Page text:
Plant the Green Giant Arborvitae instead of Leyland Cypres
Leyland cypresses, XCupressocyparis leylandii, are not fairing
well in many landscapes. It is a fast growing tree used in
boarders and screens that had relatively few pest problems. Now
is has been suffering from branch dieback. Sadly it can cause
the death of the tree. Seiridium canker is the cause. This
disease is not to the point of wiping out this tree, but I would
recommend not planting this tree as it likly will in the future
be a major concern.
Thus landscape designers should seek a replacement for the
Leyland Cypress. One great choice is the Green Giant Arborvitae.
Green Giant arborvitae is becoming a superstar in the plant
world. It is the most popular arborviate next to the Emerald
Green Arborvita. The reason for its success is that it fills
landscape needs that are important. It will help block large
unsightly neighbors quickly and is basically pest free. It is
also a plant that is in the public domain and not protected by a
patnent. Thus anyone can propagate this plant.
The original Green Giant got its name not from ancient lore, but
from unusually extra large, hence "giant," green peas. These
"Green Giant Peas" were a new "strain," a new species,
introduced by the Minnesota Valley Canning Company in 1925. You
see, these were huge peas when compared to the previously
marketed baby peas early-picked in June (that's sure early in
co-o-o-old Minnesota). LeSueur baby peas are still sold today in
their classic silver can as a gourmet vegetable.
Founded back in 1903, Minnesota Valley Canning was a pea company
located along the Minnesota River, which was the Dakota Sioux
name for "cloudy water," just southwest of Minneapolis and St.
Paul, the state capital. This is where there's a bottomland
"confluence" with the even cloudier, soil-rich, muddier
Mississippi River. The whole area, including surrounding towns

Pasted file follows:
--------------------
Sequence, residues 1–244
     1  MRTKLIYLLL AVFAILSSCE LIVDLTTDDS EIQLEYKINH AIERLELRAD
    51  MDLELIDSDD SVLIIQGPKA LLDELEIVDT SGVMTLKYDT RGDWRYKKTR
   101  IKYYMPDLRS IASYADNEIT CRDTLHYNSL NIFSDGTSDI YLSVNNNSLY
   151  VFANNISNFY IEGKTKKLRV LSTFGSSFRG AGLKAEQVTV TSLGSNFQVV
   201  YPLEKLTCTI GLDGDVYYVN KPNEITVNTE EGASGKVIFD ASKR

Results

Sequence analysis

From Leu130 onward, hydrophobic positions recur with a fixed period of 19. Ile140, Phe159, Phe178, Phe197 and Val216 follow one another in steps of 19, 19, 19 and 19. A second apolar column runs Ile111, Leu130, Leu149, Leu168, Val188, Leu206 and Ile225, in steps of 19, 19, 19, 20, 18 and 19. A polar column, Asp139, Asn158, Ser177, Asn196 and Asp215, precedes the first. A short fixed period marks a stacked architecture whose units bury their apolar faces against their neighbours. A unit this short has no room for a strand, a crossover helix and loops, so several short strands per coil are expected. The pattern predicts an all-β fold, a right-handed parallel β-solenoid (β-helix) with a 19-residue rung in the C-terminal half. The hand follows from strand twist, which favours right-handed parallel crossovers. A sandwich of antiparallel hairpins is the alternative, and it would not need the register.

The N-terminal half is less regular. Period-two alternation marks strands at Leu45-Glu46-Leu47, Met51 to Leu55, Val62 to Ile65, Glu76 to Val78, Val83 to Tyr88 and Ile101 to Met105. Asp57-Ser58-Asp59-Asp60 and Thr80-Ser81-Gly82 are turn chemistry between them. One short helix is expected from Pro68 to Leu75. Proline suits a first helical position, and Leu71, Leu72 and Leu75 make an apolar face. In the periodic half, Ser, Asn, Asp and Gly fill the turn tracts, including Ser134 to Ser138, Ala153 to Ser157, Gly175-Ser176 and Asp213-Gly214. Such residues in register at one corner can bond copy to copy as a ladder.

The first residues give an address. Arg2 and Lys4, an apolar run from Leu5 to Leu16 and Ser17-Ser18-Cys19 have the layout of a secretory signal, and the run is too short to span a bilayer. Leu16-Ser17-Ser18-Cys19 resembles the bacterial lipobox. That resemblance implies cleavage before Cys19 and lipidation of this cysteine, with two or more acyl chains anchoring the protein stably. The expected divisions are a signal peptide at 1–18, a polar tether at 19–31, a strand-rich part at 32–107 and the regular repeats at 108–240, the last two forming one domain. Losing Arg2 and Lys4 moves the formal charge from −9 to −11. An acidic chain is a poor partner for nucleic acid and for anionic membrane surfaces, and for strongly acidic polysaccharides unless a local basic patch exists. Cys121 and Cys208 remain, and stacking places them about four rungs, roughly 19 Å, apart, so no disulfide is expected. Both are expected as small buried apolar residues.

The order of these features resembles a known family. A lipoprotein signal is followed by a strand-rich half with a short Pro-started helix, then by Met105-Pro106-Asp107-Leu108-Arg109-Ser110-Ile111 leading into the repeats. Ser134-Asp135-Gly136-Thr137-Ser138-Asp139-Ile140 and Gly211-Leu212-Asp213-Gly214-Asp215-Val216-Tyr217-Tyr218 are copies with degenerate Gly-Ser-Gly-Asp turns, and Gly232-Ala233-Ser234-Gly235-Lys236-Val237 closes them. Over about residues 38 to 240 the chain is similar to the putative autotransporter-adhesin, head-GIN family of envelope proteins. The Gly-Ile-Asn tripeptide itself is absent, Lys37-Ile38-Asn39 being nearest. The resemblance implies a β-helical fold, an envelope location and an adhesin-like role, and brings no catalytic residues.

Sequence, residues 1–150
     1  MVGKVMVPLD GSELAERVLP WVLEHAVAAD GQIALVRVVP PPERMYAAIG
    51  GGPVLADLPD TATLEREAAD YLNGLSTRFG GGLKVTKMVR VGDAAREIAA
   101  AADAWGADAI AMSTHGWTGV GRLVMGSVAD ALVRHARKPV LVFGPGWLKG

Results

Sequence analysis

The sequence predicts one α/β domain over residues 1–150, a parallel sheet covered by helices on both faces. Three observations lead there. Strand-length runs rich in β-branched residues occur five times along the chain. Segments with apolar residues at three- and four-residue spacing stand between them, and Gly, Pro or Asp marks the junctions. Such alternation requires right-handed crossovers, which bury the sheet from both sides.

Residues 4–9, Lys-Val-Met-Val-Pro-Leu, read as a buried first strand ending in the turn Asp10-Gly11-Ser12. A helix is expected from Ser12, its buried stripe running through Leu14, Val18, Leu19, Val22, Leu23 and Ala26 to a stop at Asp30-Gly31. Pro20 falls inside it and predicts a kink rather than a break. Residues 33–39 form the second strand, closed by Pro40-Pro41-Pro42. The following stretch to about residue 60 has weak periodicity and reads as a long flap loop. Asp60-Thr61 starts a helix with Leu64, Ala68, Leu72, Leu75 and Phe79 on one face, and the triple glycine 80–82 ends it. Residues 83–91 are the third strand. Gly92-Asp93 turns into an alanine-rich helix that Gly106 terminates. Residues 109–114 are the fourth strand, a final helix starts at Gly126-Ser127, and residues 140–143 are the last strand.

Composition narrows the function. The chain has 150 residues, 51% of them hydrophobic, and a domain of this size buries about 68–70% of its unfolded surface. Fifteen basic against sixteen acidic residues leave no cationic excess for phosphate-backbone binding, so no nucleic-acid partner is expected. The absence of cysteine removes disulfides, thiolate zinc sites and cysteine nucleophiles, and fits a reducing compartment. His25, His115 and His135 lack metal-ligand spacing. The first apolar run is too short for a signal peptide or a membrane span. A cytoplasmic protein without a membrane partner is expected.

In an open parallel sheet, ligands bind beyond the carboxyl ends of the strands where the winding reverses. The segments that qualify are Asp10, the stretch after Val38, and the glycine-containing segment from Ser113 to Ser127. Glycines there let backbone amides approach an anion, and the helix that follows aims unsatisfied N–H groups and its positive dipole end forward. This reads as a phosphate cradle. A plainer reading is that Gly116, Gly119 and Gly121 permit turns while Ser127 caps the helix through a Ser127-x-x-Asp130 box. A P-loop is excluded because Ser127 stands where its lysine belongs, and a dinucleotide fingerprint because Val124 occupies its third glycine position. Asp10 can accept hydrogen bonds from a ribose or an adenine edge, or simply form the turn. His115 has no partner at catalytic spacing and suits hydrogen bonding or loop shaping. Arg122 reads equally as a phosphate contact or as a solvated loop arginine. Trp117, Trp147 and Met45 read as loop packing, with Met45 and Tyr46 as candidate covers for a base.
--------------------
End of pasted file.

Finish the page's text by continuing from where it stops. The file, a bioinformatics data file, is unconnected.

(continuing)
like LeSueur, got the title, the "Minnesota Valley." Ohhh. And
where did THAT name, LeSeur, come from you may be wondering?
Lesueur is the name of the original explorer of the area, a
Frenchmen of the early 1700's.
Minnessota is amidst the land of Paul Bunyan and his blue ox
Babe, tall tales about them a part of he culture. Maybe the
stories gave rise to ideas for how to advertise Green Giant Peas.
The "Jolly Green Giant" became incredibly popular as the way to
advertise those Green Giant Peas and by 1950 he was an "icon" as
we say today. There was a cartoon character created, ubiquitous
TV commercials and print advertising, even "giant-sized" highway
billboards, so the company changed its name to his.
So that is where the "Green Giant" comes from, 20th century
modern marketing, not ancient lore. The Green Giant Thuja
Plicata is in the same Juniper family as the original "tree of
life" Arborvitae, but with growth rates as fast as three feet
per year (gee, bamboo's the fastest grower at five feet per, but
it's just grass). Thuja Plicata trees grow to heights beyond 200
feet in the Pacific Northwest, this Western RedCedar is indeed
worthy of also taking the Green Giant name.
http://www.seedlingsrus.com , http://www.zone5trees.com , and
The Green Giant Arborvitae is more properly named by tree
scientists the "Thuja Plicata," with the other common historic
names being, "giant cedar," also "western cedar," and "red
cedar." There's only one other Arborvitae specie in all of North
America, the "eastern cedar," or "white cedar," with "Thuja
Occidentalis," as the tree scientist's Latin name, the
botanist's name. This short tree is actually what we usually
think of when the "genus" juniper is mentioned.
Funny that the eastern cedar was given the Latin name for
"west" which is "occidental." You see? As I have observed
before, what's in a name? Highland Hill Farm is not located in a
town called Highland Hills, or, on Highland Hill Road, etc.
Scottish Highland Hills cows that we grazed on our first